W3C home > Mailing lists > Public > ietf-http-wg@w3.org > April to June 2012

HTTP -> Messages -> Transport factoring

From: Mark Nottingham <mnot@mnot.net>
Date: Thu, 5 Apr 2012 11:46:28 -0500
Cc: William Chan (陈智昌) <willchan@chromium.org>, Willy Tarreau <w@1wt.eu>, patrick mcmanus <pmcmanus@mozilla.com>, "ietf-http-wg@w3.org Group" <ietf-http-wg@w3.org>, "Roy T. Fielding" <fielding@gbiv.com>, Poul-Henning Kamp <phk@phk.freebsd.dk>, Mike Belshe <mike@belshe.com>, Peter L <bizzbyster@gmail.com>
Message-Id: <C8D8A787-7C1B-486B-8231-83852A03F6B1@mnot.net>
To: Roberto Peon <grmocg@gmail.com>

It seems like a set of deliverables for us could then be:

1. A format for HTTP messages that shows how to get one into a set of bits, but doesn't show how to get those bits onto a transport protocol
2. A specification of how to get those messages across a reliable, in-order, not-multiplexed transport 
3. Details of #2 on TCP

leaving the specification of #2 on other suitable transports for future / other work, as well as leaving #1 on multiplexed transport for future / other work.

How do people feel about this? In particular, is the separation between #2 and #3 necessary and good? Does anyone want to attempt more in this WG (I'm hearing many people saying "no")?

On 05/04/2012, at 11:32 AM, Roberto Peon wrote:

> So long as we provide an appropriate mapping onto transports that either do or do not multiplex, I think we can take advantage of any improvements in transports.
> I think that we should be able to assume reliable and in-order guarantees are provided for any stream of a transport that we'd use, however... the use of any transport that does not offer those guarantees would add much complexity for dubious gain.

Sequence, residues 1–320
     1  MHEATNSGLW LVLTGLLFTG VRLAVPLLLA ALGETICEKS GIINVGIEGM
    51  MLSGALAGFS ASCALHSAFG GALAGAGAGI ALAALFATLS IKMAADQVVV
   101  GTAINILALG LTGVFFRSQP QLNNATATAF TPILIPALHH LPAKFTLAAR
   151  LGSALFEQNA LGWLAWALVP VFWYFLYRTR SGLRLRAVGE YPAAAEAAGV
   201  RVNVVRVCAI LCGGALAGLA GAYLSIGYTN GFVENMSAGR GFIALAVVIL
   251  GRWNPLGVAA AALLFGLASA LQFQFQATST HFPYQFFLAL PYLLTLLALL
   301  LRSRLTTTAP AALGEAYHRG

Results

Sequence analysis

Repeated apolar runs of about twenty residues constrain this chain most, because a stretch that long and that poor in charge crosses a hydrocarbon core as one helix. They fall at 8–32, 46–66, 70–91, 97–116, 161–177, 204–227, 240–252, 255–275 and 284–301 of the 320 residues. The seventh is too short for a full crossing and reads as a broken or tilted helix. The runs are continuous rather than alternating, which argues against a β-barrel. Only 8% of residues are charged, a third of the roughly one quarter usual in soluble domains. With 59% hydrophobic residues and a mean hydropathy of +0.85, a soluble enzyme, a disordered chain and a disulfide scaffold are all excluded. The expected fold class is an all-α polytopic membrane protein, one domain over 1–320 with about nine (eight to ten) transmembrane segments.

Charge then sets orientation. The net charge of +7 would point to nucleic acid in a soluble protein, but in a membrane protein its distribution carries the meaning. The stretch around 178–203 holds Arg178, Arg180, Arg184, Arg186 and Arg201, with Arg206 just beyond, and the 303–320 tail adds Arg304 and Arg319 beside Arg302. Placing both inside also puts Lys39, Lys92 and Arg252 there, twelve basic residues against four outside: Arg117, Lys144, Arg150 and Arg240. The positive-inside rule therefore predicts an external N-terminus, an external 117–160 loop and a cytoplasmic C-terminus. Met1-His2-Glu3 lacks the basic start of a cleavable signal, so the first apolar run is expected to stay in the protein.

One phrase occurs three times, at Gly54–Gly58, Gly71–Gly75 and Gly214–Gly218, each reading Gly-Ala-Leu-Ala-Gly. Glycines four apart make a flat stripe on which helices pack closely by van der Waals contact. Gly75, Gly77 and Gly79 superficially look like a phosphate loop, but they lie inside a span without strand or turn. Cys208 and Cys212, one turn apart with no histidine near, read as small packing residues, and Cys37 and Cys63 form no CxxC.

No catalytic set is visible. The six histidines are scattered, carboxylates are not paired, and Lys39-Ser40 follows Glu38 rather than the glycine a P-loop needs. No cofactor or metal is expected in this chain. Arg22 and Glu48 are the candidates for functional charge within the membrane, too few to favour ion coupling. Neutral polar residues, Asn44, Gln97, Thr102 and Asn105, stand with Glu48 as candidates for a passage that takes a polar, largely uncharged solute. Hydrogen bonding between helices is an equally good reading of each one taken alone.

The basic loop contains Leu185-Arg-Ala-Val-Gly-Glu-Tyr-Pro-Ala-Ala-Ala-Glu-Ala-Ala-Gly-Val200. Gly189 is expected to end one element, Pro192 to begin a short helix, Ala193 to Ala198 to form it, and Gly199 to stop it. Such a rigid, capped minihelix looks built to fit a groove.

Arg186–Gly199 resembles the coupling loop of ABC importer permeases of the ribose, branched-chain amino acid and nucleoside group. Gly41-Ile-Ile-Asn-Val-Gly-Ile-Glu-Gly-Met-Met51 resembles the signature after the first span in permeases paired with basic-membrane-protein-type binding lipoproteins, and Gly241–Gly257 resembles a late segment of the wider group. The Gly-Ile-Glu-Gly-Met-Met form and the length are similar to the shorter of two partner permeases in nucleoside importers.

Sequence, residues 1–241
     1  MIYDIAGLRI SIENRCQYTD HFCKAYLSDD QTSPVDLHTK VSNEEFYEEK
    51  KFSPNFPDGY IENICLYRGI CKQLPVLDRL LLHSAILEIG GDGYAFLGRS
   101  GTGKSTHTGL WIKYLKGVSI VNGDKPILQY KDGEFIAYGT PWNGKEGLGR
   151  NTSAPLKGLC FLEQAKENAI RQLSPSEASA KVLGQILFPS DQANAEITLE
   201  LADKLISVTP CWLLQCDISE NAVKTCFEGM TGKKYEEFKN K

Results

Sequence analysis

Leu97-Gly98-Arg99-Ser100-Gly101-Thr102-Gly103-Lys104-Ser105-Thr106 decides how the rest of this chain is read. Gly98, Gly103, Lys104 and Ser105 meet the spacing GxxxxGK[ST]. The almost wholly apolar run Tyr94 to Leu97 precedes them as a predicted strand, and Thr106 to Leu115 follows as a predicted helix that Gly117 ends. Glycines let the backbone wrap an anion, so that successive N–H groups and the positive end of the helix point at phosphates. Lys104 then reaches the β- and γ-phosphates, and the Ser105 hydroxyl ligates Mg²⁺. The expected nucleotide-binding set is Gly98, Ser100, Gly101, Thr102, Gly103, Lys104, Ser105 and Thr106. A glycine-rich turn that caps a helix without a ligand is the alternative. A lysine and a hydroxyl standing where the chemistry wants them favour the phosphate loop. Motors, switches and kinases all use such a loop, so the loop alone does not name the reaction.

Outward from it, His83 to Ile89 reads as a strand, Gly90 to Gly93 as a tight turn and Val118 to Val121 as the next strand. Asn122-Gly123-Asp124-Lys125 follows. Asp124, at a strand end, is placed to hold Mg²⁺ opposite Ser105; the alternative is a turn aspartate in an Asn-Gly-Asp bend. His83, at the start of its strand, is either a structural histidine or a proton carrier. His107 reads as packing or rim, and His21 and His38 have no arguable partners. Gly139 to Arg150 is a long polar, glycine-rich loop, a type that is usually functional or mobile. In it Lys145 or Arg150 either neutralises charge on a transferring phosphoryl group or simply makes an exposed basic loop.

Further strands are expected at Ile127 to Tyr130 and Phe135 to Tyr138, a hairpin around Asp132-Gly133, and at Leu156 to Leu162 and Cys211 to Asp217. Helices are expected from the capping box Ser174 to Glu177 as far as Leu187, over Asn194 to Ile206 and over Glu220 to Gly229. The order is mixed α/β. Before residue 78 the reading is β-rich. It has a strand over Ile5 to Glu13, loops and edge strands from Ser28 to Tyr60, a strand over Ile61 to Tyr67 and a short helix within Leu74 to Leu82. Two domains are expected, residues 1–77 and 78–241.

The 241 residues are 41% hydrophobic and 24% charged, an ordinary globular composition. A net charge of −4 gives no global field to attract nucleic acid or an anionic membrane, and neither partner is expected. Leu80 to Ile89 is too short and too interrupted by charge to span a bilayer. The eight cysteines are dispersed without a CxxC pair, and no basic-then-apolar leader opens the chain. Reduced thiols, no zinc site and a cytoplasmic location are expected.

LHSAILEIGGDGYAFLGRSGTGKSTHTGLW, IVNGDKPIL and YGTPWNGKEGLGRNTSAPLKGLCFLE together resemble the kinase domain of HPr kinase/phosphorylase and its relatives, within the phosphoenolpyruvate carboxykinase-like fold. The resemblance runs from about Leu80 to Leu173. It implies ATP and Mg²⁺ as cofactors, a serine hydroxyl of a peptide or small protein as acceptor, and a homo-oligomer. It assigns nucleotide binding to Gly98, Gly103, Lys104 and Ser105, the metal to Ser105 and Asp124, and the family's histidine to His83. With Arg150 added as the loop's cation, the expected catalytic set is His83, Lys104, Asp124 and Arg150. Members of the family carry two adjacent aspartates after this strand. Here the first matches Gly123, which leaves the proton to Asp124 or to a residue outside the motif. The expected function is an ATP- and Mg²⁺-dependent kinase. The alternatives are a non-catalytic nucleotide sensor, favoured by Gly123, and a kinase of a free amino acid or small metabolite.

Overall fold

> -=R
> On Apr 5, 2012 6:29 AM, "William Chan (陈智昌)" <willchan@chromium.org> wrote:
> On Thu, Apr 5, 2012 at 3:13 PM, Patrick McManus <pmcmanus@mozilla.com> wrote:
> On Thu, 2012-04-05 at 10:25 +0200, William Chan (陈智昌) wrote:
> >  stack. The real solution is to fix the transport (new UDP-based
> > protocol anyone?), but that's beyond the scope of this work.
> Although I agree a udp based proposal is unlikely to bear fruit, I don't
> see that it is a priori beyond the scope of the HTTP/2 work. I think our
> charter asks for proposals that reduce TCP connection count - that would
> certainly qualify :) WebRTC is doing something kind of similar with
> LOL :)
> sctp/dtls/udp layering, right?
> There are a huge amount of unknowns there, which is a terrific argument
> for rallying around spdy because it is well experimented with already
> and is known to solve some hard problems. But if someone were to invest
> in a prototype, a spec, and some test results of a udp system I would
> find that a much more interesting thing to consider than another
> proposal for some variation of spdy-lite.
> It's still vaporware so I'm not going to say much more than "we (Google) know and we're looking into it." The publicly visible updates can be seen here: http://code.google.com/p/chromium/issues/detail?id=121577 && http://code.google.com/searchframe#OAMlx_jo-ck/src/chrome/browser/net/network_stats.h.
> I'd prefer we focus on SPDY over TCP for now, and we can discuss what SPDY might look like over different transports in the future when we have a concrete proposal and data, rather than diving into that rathole right now. I'm personally a big fan of proposing things when you have data to back up your claims.
> My weak understanding of dtls is that it has the potential to save
> another rtt over the tcp version :)
> -Patrick

Mark Nottingham
Received on Thursday, 5 April 2012 16:46:54 UTC

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